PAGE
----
I felt that it was important to use today’s Sales Insight blog post to discuss the idea of communicating value to your customer for increased sales.
Why “Value” Is So Valuable
In my role as a sales coach and trainer, I am quite often approached by sales managers and leaders, or even individual sales people, telling me that they are struggling, during negotiations with customers, to protect their margin and avoid being forced to discount.
My response to this is that negotiation is unlikely to be the source of the problem; the real problem instead lies in being able to create or communicate enough “value” to these customers. If you cannot create or communicate value earlier in the sales process, all you will have left to negotiate on at the end of the process, is price.
The Value Factors
There are three components to value in the sales process:
- Create – we need to be able to create some new value for our customers.
- Communicate – we need to be able to communicate the differential value we bring, in a way that ensures the customer has absolute clarity.
- Capture – the final component is that we need to capture, through negotiation, a fair share of the value that we’re creating.
As we know, sales people typically believe that the challenge of holding on to margin occurs at the ‘Capture’ stage, however, when we view value as the 3-Step process detailed above, we can clearly see how poor performance at the ‘Create’ and ‘Communicate’ stages positions us weakly for the final negotiations, or ‘Capture’ stage.
In practical terms, we’re looking for that area of crossover, where our product/service offering overlaps with the challenges and needs of our customer, but where our competitor’s does not. It is this area where the magic happens, where we can uniquely deliver value to our customer.
How Do You Use Value To Stand Out From The Competition ?
We are not alone, nearly every sales person and organisation is looking for that magical “value”, so how do we set ourselves apart?
I think there are three things that, as sales people, we need to make sure we are experts in:
- Our Product – we need to be expert in our own product and service proposition, because when we know our own proposition in great detail, we are able to find greater opportunities with our customer.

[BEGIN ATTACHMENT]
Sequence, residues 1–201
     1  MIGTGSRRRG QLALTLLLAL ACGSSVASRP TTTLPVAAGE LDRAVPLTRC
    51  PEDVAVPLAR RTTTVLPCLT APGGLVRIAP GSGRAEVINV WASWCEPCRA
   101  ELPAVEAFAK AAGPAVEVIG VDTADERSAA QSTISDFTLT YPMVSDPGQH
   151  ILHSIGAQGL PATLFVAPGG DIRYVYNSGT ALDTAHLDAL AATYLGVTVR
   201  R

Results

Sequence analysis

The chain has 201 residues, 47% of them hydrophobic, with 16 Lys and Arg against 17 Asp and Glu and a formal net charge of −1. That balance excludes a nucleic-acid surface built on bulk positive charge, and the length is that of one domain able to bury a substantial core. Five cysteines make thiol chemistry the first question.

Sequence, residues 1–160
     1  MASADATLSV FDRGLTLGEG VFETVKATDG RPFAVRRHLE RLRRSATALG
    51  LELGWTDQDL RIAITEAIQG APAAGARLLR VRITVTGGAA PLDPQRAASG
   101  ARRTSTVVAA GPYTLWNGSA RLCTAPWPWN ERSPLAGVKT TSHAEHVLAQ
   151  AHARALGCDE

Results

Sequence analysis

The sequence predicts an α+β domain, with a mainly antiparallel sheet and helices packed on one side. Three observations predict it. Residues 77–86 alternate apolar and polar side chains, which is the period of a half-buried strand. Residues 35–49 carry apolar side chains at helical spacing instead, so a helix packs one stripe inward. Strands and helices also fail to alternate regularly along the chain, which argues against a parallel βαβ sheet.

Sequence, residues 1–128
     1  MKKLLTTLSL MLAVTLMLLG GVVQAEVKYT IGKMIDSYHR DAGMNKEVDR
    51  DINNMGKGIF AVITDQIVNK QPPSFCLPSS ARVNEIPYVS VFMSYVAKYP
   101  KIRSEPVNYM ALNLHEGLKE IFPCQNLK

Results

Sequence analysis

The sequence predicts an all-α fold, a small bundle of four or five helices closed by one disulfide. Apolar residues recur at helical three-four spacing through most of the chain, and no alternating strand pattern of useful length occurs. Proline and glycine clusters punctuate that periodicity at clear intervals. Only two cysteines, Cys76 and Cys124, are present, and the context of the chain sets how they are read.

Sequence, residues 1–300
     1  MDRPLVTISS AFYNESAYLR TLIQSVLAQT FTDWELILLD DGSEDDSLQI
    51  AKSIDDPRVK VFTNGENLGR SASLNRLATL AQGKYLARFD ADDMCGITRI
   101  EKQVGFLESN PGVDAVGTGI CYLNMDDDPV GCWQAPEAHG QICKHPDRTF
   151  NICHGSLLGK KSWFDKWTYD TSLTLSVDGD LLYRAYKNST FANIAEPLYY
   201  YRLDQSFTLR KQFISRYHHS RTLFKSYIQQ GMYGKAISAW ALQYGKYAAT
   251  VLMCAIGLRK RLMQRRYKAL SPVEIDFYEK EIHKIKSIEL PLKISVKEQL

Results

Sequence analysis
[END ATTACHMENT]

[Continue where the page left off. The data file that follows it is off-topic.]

- Our Customer’s Business – We need to be an expert in our customer’s business. By understanding the customer’s business in depth, we can again find additional opportunities. This was discussed in the blog post “Improving Your Understanding Of Your Sales Prospects With Insights.”
- The Marketplace – Finally, we need to be an expert in what’s happening in the marketplace – what do our competitors’ propositions look like? Only then can we find the unique nuance of our product or service offering that allows us to differentiate ourselves from the competition.
Now You Know The Value – Communicate It Effectively To Your Customer
Once we’ve found that value, we need to make sure that we articulate it in a way that comes across as a number for our customer.
Our view is that value is a number, everything else is just noise. So, when we are talking generally about the features and benefits we bring, it doesn’t cut through a customer’s desire to understand the return on the investment they want to achieve. A specific number, however, very clearly articulates their return.
There are three pointers we can use to help identify the numerical value of our proposition:
- Revenue – does your proposition help the customer to generate additional revenue in some way?
- Save Costs – does it save them money, through reduced costs and outgoings?
- Reduce Risk – does it reduce risk and give them greater security or certainty? The most emotion-led of the three, don’t disregard the value this can bring.
I will explore this essential skill in more depth in a future blog post and will look at how we can work through a process to make sure we’re creating compelling, numerically based value propositions that really make the difference between you and other sales people out there.
If you’d like to have a further chat about this or how we could help you inside your own organisation, then please contact me firstname.lastname@example.org. Thank you.